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  1. Talk:Denmark/Archive 3 - Wikipedia

    en.wikipedia.org/wiki/Talk:Denmark/Archive_3

    But in the main text "Denmark" is used mostly for the geographic Denmark (minus Greenland etc.), e.g. the section Denmark#Geography_of_Denmark says "Located in Northern Europe, Denmark consists of the peninsula of Jutland and 443 named islands (1,419 islands above 100 square metres (1,100 sq ft) in total). Of these, 72 are inhabited, with the ...

  2. Battle of Hastings – 14th October 1066 | Belfast Child

    belfastchildis.com/2016/10/14/battle-of-hastings...
    • Background
    • English Army and Harold’s Preparations
    • William’s Preparations and Landing
    • Harold Moves South
    • Battle
    • Aftermath

    In 911, French Carolingian ruler Charles the Simple allowed a group of Vikings to settle in Normandy under their leader Rollo. Their settlement proved successful, and they quickly adapted to the indigenous culture, renouncing paganism, converting to Christianity, and intermarrying with the local population. Over time, the frontiers of the duchy expanded to the west. In 1002, King Æthelred II of England married Emma, the sister of Richard II, Duke of Normandy. Their son Edward the Confessorspent many years in exile in Normandy, and succeeded to the English throne in 1042. This led to the establishment of a powerful Norman interest in English politics, as Edward drew heavily on his former hosts for support, bringing in Norman courtiers, soldiers, and clerics and appointing them to positions of power, particularly in the Church. Edward was childless and embroiled in conflict with the formidable Godwin, Earl of Wessexand his sons, and he may also have encouraged Duke William of Normandy...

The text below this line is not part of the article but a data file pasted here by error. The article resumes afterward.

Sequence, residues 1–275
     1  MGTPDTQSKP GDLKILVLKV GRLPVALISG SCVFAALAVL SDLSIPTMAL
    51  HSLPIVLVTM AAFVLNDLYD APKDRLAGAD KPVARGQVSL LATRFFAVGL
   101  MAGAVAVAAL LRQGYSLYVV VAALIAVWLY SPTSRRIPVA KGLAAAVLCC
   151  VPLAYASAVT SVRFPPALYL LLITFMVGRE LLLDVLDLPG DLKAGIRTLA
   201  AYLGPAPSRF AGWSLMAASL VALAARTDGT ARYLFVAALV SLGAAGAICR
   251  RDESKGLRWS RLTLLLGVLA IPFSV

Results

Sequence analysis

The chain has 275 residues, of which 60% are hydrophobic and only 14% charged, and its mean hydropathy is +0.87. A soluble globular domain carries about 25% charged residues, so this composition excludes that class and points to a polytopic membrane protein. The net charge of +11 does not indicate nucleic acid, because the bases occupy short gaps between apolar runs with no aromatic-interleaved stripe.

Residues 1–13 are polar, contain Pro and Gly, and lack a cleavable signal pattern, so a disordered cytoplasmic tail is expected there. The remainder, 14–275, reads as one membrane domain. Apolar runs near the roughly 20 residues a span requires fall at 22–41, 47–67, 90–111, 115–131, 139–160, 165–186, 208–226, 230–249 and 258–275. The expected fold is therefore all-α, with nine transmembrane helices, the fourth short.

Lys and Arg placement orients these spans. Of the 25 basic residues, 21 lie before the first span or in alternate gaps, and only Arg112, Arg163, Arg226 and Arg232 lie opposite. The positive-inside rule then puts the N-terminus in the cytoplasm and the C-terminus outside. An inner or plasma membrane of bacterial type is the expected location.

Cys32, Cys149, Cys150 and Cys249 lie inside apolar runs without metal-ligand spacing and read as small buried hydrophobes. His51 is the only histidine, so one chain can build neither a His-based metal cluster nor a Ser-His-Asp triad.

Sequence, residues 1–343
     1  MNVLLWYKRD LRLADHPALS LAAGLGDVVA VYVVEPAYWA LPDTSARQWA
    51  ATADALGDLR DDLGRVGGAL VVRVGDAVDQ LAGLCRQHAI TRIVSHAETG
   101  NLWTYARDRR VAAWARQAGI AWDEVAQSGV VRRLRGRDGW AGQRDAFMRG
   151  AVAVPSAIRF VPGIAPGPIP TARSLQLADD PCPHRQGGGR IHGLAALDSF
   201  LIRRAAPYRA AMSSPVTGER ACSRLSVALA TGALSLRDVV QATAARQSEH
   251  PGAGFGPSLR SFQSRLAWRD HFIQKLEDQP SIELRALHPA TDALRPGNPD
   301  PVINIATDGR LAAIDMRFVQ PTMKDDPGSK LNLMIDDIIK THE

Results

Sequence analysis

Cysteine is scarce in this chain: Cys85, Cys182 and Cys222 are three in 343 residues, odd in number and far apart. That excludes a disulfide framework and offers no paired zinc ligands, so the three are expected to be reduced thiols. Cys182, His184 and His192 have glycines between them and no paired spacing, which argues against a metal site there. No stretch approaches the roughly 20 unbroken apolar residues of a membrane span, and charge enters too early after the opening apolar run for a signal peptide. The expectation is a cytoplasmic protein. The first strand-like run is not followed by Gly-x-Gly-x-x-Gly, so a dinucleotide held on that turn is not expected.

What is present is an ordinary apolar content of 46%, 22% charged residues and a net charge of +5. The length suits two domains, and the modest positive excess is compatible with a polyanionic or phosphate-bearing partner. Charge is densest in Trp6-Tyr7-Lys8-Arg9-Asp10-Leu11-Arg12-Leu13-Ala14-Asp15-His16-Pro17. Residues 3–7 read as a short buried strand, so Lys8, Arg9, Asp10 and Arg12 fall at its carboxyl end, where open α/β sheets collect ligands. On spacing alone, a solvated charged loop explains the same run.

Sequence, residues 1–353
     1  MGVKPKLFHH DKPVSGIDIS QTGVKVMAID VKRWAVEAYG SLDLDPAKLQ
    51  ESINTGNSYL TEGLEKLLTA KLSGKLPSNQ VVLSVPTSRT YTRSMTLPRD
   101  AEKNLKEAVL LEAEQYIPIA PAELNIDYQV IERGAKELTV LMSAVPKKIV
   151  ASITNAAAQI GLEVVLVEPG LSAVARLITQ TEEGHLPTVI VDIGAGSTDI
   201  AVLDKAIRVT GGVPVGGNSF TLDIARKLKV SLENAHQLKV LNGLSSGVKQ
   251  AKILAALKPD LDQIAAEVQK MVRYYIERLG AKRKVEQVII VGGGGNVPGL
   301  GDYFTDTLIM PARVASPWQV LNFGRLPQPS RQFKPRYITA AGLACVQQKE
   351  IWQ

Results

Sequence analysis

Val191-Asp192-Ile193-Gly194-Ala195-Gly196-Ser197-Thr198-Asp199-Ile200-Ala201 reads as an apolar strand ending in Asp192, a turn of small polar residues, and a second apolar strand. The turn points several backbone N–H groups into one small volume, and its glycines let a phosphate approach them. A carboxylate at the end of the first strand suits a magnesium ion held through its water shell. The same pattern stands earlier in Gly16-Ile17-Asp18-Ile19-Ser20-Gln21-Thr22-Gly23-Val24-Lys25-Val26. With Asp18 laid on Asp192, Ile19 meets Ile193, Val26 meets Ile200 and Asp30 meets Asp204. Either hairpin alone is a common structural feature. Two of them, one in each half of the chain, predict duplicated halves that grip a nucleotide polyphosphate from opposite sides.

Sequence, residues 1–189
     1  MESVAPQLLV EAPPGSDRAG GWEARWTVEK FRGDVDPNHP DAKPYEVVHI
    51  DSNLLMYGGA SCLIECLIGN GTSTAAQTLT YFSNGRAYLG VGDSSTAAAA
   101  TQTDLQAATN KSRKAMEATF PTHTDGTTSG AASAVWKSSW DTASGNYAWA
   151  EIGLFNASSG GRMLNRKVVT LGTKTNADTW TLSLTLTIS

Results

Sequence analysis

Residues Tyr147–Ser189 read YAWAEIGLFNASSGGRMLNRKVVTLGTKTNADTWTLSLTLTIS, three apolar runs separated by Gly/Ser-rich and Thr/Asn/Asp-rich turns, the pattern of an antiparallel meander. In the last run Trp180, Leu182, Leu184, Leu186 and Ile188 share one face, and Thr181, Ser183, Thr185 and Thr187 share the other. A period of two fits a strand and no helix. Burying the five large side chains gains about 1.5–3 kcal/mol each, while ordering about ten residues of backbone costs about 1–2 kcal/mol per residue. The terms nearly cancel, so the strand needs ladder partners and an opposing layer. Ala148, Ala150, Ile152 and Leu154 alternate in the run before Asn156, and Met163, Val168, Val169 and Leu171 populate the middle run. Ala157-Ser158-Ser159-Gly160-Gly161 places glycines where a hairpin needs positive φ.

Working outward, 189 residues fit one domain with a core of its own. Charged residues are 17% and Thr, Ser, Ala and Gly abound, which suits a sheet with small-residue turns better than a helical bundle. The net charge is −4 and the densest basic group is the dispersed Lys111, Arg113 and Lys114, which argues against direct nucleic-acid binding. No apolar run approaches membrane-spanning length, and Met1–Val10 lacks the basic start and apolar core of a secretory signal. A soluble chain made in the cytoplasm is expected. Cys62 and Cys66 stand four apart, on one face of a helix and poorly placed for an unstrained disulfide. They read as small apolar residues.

The English army was organised along regional lines, with the fyrd, or local levy, serving under a local magnate – whether an earl, bishop, or sheriff. The fyrd was composed of men who owned their own land, and were equipped by their community to fulfil the king’s demands for military forces. For every five hides, or units of land nominally capable of supporting one household, one man was supposed to serve. It appears that the hundred was the main organising unit for the fyrd. As a whole, England could furnish about 14,000 men for the fyrd, when it was called out. The fyrdusually served for two months, except in emergencies. It was rare for the whole national fyrd to be called out; between 1046 and 1065 it was only done three times, in 1051, 1052, and 1065. The king also had a group of personal armsmen, known as housecarls, who formed the backbone of the royal forces. Some earls also had their own forces of housecarls. Thegns, the local landowning elites, either fought with the roya...